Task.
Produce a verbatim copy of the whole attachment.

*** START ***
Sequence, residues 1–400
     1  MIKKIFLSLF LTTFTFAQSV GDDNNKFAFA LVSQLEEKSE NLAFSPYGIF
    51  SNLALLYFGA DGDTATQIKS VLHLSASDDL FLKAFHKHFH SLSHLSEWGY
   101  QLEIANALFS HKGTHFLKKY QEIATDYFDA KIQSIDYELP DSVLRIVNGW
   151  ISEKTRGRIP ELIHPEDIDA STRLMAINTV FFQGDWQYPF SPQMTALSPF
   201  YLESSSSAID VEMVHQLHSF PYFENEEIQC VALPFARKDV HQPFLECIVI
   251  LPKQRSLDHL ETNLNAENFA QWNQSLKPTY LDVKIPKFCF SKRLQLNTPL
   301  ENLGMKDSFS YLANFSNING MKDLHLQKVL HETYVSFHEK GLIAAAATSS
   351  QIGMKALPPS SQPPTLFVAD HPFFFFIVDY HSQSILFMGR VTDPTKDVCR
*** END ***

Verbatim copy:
Sequence, residues 1–400
     1  MIKKIFLSLF LTTFTFAQSV GDDNNKFAFA LVSQLEEKSE NLAFSPYGIF
    51  SNLALLYFGA DGDTATQIKS VLHLSASDDL FLKAFHKHFH SLSHLSEWGY
   101  QLEIANALFS HKGTHFLKKY QEIATDYFDA KIQSIDYELP DSVLRIVNGW
   151  ISEKTRGRIP ELIHPEDIDA STRLMAINTV FFQGDWQYPF SPQMTALSPF
   201  YLESSSSAID VEMVHQLHSF PYFENEEIQC VALPFARKDV HQPFLECIVI
   251  LPKQRSLDHL ETNLNAENFA QWNQSLKPTY LDVKIPKFCF SKRLQLNTPL
   301  ENLGMKDSFS YLANFSNING MKDLHLQKVL HETYVSFHEK GLIAAAATSS
   351  QIGMKALPPS SQPPTLFVAD HPFFFFIVDY HSQSILFMGR VTDPTKDVCR